RIPON singer-songwriter Billie Marten, now based in London, returns home to Yorkshire to showcase her fourth album, Drop Cherries, on which she explores the struggle with modernity versus tradition, nature, mental health, relationships and “a general voyeurism on the world as she sees it”. Clara Mann supports.

York Early Music Christmas Festival opens week of music, minstrels and mystery

Beth Stone and Daniel Murphy of Flutes & Frets: Sold-out opening concert today at York Early Music Christmas Festival 2023

MUSIC, Minstrels and Mystery is the theme of the York Early Music Christmas Festival 2023, running from tomorrow to December 9.

This annual celebration conjures up the spirit of Christmas past with an array of atmospheric music, primarily at the National Centre for Early Music, in the medieval St Margaret’s Church, Walmgate, complemented by concerts at Bedern Hall and the Sir Jack Lyons Concert Hall, University of York.

Opening at the beginning of Advent, the festival features a host of world-class artists from the Early Music world, celebrating the extraordinary wealth of music associated with Advent, Christmas and Epiphany, from the medieval to the baroque.

To complete the Christmas experience, many concerts take place by candlelight, with mince pies and mulled wine available at most events.

Already the festival has been previewed on BBC Radio 3’s In Tune on November 26, when festival artists the Gesualdo Six spoke to Katie Derham and performed a selection of their work.

Both immersive Gesualdo Six concerts with the Fretwork Viol Consort at 6pm and 8.30pm on Saturday have sold out. Marking composer William Byrd’s 400th anniversary, Secret Byrd will theatrically intersperse Byrd’s private mass for secret worship with his virtuosic music for strings.

Sold out too are Saturday’s opening concert, European Court and Salon Music, by Flutes & Frets (Beth Stone, flute, and Daniel Murphy, lute, theorbo, guitar) at Bedern Hall at 11am, backed by funding from the European Festival Fund for Emerging Artists, and December 9’s Bach Christmas Oratorio concert at 7pm by the Yorkshire Bach Choir and Yorkshire Baroque Soloists at the Sir Jack Lyons Concert Hall.

Festival director Delma Tomlin will host an introductory talk at Sunday’s 6.30pm concert, A Christmas Song – The “original” Messiah, by festival debutants The Harmonious Society of Tickle-Fiddle Gentlemen at the NCEM. The Harmonious Society’s 14 musicians and singers face a busy three days of travel, playing Canterbury on Saturday, York on Sunday and Durham on Monday.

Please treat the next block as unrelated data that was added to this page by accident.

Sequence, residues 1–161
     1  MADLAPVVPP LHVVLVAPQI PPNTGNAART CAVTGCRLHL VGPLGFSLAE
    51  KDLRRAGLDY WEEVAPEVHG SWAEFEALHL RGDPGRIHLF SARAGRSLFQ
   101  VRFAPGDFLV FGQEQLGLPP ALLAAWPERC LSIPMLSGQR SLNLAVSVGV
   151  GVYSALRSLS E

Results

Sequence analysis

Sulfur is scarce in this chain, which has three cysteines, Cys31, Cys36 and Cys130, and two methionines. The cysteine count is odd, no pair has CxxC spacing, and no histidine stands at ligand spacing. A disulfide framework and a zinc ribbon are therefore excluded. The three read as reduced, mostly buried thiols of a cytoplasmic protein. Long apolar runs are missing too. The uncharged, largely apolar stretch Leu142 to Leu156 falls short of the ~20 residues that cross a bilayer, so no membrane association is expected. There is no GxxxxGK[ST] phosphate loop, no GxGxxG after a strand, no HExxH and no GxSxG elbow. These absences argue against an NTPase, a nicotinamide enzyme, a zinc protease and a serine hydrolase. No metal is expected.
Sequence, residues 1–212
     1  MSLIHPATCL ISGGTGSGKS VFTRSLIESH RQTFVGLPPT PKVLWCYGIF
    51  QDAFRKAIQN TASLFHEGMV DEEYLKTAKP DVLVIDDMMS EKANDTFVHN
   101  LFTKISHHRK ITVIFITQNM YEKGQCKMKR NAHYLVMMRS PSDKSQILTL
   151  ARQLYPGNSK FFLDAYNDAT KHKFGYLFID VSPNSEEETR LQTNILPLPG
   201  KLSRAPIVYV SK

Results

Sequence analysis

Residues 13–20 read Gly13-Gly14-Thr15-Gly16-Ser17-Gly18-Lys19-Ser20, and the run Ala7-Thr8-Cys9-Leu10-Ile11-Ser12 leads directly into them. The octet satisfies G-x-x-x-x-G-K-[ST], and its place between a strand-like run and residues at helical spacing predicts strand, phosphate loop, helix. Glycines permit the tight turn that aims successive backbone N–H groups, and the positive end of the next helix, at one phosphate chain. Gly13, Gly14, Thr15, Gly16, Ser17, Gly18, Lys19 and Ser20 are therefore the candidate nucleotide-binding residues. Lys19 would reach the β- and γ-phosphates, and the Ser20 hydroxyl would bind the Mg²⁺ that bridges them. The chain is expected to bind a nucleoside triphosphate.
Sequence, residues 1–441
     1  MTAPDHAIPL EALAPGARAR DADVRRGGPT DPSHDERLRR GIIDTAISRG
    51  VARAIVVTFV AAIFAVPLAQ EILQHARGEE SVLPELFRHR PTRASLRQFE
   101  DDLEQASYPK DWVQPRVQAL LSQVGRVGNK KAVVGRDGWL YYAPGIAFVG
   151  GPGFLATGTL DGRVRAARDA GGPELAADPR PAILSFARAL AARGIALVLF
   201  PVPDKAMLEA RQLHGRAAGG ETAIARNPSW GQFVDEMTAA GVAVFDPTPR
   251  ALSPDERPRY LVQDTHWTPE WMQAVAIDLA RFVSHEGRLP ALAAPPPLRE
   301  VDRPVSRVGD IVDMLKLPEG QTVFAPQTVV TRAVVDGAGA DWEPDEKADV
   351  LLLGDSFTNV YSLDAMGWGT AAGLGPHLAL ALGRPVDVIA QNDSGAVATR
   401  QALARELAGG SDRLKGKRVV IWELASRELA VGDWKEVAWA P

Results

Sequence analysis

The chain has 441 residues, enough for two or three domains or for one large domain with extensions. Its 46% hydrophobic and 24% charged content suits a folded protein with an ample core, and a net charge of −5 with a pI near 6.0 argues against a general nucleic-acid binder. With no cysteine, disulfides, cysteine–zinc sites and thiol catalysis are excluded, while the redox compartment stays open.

Baroque In The North: Festive sweetmeats from Versailles to Rome on December 9 at the NCEM

Fiddlesticks, a new ensemble featuring former festival advisers Kati Debretzeni and Steven Devine, will make their festival debut too with Monday’s 7pm NCEM programme of European court music for three violins and continuo. Earlier that day, the NCEM’s youth instrumental ensemble, Minster Minstrels, will be working on Christmas repertory with Fiddlesticks in the afternoon.

Further festival highlights will be The Marian Consort, performing music written for the festive court, on Thursday and Ceruleo’s Love Restor’d, a theatrical Restoration England programme of Henry Purcell, John Blow and John Eccles works, on Friday, both at 7pm at the NCEM.

On December 9, Baroque In The North will play this festival for the first time, performing Panettone or Bûche de Noël?, Festive Sweetmeats, featuring works by Esprit-Philippe, Chédeville, Vivaldi and Corelli at the NCEM at 11am.

In addition, the Minster Minstrels will work with the Harmonious Society’s baroque trumpeter Will Russell on Sunday, while Owain Park, director of The Gesualdo Six, is inviting singers to join him for a choral workshop, designed to celebrate the music of Willam Byrd on Saturday and Sunday at Bedern Hall.

The York Early Music Festival Christmas Box Set, featuring a selection of recorded highlights from the festival, plus this year’s York Early Music Festival and Beverley & East Riding Early Music Festival, is on sale now and will be available to enjoy online from December 15 to the end of January 2024. Highlights include concerts by violinist Rachel Podger and the Dunedin Consort, the Scottish baroque ensemble. The box set costs £50 or concerts can be bought individually at

Ahead of the week of festive music, NCEM director Delma Tomlin says: “Our Christmas festival is one of the highlights of the city’s Christmas calendar. This December we are delighted to present an array of atmospheric Christmas concerts featuring music from the medieval times, through the ages and ending with Bach’s glorious Christmas Oratorio.

“The concerts are the perfect way to celebrate Yuletide and we look forward to seeing old friends and welcoming new ones at the special time of year.”

Full programme details can be found at Box office: 01904 658338 or

The Marian Consort: Performing music composed for the festive Stuart court in For Delighting The People – A Jacobean Christmas on December 7

York Early Music Christmas Festival programme highlights

Saturday, 11am: Flutes & Frets, European Court and Salon Music, Bedern Hall, Bedern. SOLD OUT.

FLUTES, lutes, theorbo and guitar introducing music of European courts across the ages, performed by NCEM Platform Artists Beth Stone and Daniel Murphy, who received grant from European Festivals Fund for Emerging Artists, leading to concerts in Antwerp, Krakow and York. Final concert of tour for young duo selected for annual International Artist Presentation in Flanders. Flutes & Frets will return to York next spring for Baroque Around The Books library tour.